In that opinion, this Court identified a number of problems
with Jeffries' original Complaint.
Jeffries' Complaint failed to provide a colorable,
factual basis for the claim that BSC manufactured the IVC
Filter that she alleged had been implanted in her.
Id. at 4. This alone was sufficient to dismiss her
Complaint. Id. at 5.
Jeffries' claim for punitive damages did nothing more
than recite the “actual malice” standard, without
providing any factual allegations that would demonstrate
actual malice. Id. at 6.
while the statute of limitations for products liability
claims in Maryland is three years, Jeffries waited roughly
twenty years after implementation of her device to
file a Complaint. Id. at 6-7. She claimed that the
statute of limitations should be tolled until September 2015,
when she first discovered that her IVC filter had migrated
and perforated her vena cava, but also asserted that BSC
publicized a recall of its Greenfield IVC Filter in 2005.
Id. at 7. She did not provide any reason why she
should not have known about the dangers of the filter in 2005
when BSC publicized its recall, and thus had not adequately
alleged that her claim was timely. Id.
“interest of fairness to a pro se litigant,
” this Court granted Jeffries leave to file an Amended
Complaint. The Court directed Jeffries to ensure that the
Amended Complaint complied with the Federal Rules of Civil
Procedure and included only “‘short and plain
statements of jurisdiction' and facts asserted in
good-faith.” ECF No. 21 at 8 (quoting Fed R. Civ. P. 8,
11). After Jeffries submitted documentation indicating that
her filter may have been manufactured by BSC, this Court
again granted leave to file a Second Amended Complaint, and
directed that the Second Amended Complaint
“specifically address the deficiencies outlined by
the Court in its previous Memorandum Opinion, and adequately
allege a plausible claim that the IVC filter is, in fact,
the cause of the injuries alleged by her.” ECF No. 39
federal district court is charged with liberally construing a
complaint filed by a pro se litigant to allow the
development of a potentially meritorious case. Hughes v.
Rowe, 449 U.S. 5, 9 (1980). Nonetheless, liberal
construction does not mean that a court can ignore a clear
failure in the pleading to allege facts that set forth a
claim cognizable in a federal district court. See Weller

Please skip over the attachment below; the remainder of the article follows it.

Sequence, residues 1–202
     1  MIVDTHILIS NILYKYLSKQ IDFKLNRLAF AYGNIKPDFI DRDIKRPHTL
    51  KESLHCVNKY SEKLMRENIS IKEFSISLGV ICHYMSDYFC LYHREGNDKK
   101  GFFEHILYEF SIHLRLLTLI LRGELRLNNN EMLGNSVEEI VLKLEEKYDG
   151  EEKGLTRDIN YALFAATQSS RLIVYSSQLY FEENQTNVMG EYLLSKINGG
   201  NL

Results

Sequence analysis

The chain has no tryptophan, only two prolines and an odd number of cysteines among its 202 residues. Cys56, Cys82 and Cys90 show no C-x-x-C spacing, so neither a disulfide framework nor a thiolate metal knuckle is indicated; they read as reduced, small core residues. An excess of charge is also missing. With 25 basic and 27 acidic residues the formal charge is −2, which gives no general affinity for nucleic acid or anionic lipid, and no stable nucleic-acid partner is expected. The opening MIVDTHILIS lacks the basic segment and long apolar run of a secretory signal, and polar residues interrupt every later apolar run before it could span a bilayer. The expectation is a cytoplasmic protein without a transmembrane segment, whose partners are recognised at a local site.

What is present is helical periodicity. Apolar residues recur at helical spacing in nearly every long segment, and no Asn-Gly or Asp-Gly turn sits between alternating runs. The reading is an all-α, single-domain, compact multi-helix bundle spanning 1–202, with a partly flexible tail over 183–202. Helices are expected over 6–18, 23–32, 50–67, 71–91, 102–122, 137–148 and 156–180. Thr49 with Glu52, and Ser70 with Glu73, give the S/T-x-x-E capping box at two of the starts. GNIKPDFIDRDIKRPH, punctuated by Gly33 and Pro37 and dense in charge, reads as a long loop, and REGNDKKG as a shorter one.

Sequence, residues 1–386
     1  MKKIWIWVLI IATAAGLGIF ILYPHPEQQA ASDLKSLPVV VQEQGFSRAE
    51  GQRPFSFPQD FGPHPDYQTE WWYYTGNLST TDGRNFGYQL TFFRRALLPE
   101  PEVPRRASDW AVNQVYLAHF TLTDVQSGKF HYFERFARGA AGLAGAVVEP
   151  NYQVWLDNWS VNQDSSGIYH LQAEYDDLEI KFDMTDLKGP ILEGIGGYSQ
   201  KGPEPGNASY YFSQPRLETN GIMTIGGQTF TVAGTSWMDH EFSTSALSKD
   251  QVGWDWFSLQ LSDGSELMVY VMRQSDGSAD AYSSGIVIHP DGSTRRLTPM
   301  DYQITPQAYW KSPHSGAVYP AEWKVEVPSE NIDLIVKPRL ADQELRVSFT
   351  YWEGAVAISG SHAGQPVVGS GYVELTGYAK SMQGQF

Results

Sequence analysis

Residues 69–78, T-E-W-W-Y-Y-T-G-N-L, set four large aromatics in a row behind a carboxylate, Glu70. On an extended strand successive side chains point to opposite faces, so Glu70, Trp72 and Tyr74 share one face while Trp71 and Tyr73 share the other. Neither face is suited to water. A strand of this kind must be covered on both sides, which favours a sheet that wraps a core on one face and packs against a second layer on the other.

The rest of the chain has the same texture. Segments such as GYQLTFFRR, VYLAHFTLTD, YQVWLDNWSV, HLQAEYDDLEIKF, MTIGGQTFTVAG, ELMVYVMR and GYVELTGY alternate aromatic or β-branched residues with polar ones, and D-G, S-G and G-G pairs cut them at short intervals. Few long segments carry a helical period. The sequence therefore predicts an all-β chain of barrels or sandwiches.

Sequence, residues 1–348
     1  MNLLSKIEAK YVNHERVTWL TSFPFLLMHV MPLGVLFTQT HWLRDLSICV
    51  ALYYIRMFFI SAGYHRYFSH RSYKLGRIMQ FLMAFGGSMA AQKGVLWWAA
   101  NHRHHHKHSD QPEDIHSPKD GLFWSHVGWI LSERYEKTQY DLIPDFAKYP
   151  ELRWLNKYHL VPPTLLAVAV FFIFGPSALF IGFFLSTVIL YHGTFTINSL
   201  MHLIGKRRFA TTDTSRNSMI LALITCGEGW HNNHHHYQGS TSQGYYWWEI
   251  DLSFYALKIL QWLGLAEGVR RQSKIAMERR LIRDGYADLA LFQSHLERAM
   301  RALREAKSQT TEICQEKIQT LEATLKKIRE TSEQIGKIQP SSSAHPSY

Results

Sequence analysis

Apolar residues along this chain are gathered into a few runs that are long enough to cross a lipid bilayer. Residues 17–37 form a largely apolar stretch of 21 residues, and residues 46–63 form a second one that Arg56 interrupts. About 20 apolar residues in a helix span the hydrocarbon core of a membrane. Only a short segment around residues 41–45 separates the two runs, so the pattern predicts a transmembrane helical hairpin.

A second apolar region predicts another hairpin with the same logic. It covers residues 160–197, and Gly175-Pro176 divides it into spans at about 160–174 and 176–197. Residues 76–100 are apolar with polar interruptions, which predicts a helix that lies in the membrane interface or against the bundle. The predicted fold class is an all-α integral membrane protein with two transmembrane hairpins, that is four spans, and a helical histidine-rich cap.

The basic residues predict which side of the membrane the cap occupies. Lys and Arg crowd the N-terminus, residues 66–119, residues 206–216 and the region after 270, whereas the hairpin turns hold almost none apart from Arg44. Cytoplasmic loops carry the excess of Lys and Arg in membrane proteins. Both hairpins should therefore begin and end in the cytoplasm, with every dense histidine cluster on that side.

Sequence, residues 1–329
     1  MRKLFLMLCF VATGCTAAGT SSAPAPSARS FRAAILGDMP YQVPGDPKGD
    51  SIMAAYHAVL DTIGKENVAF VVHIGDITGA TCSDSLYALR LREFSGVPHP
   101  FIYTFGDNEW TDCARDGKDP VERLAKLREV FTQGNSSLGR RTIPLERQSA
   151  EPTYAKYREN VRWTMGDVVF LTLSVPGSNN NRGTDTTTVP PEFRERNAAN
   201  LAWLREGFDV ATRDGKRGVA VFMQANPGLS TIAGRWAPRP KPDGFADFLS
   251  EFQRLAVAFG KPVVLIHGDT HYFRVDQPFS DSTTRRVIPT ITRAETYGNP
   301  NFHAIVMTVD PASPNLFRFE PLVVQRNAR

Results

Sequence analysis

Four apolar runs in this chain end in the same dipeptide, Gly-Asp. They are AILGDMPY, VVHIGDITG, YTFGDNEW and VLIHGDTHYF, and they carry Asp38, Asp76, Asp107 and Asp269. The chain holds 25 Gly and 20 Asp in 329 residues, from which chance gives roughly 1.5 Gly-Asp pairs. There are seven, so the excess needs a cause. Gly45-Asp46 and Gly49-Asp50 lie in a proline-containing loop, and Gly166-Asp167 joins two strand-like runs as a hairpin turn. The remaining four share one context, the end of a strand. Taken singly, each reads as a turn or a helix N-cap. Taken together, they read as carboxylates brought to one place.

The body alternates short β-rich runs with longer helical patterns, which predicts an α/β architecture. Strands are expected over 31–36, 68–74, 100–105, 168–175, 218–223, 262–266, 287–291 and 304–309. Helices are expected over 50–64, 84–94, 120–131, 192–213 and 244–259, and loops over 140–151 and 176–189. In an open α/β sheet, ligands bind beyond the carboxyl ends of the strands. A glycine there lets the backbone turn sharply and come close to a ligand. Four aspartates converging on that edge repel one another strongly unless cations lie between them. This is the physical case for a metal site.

v. Dep't of Soc. Servs., 901 F.2d 387, 391 (4th Cir.
1990). A district court may not rewrite a complaint in order
for it to survive a motion to dismiss. See Beaudett v.
City of Hampton, 775 F.2d 1274, 1278 (4th Cir. 1985).
motion to dismiss pursuant to Fed.R.Civ.P. 12(b)(6) tests the
sufficiency of the complaint. Edwards v. City of
Goldsboro, 178 F.3d 231, 243 (4th Cir. 1999). In
considering a motion to dismiss, the Court considers whether
the “complaint . . . contain[s] sufficient factual
matter, accepted as true, to state a claim to relief that is
plausible on its face.” Ashcroft v. Iqbal, 556
U.S. 662, 678 (2009) (internal citation and quotation marks
omitted). “A claim has facial plausibility when the
plaintiff pleads factual content that allows the court to
draw the reasonable inference that the defendant is liable
for the misconduct alleged.” Id. A court must
construe factual allegations in the light most favorable to
the plaintiff. See Lambeth v. Bd. of Comm'rs of
Davidson Cnty., 407 F.3d 266, 268 (4th Cir. 2005).
Nevertheless, a court is not required to accept as true
“a legal conclusion couched as a factual allegation,
” Papasan v. Allain, 478 U.S. 265, 286 (1986),
or “allegations that are merely conclusory, unwarranted
deductions of fact or unreasonable inferences.”
Veney v. Wyche, 293 F.3d 726, 730 (4th Cir. 2002)
(internal quotation marks omitted). Put simply, a complaint
must “raise a right to relief above the speculative
level.” Bell Atl. Corp. v. Twombly, 550 U.S.
544, 555 (2007).
Jeffries Stated a Plausible Claim that Her IVC Filter ...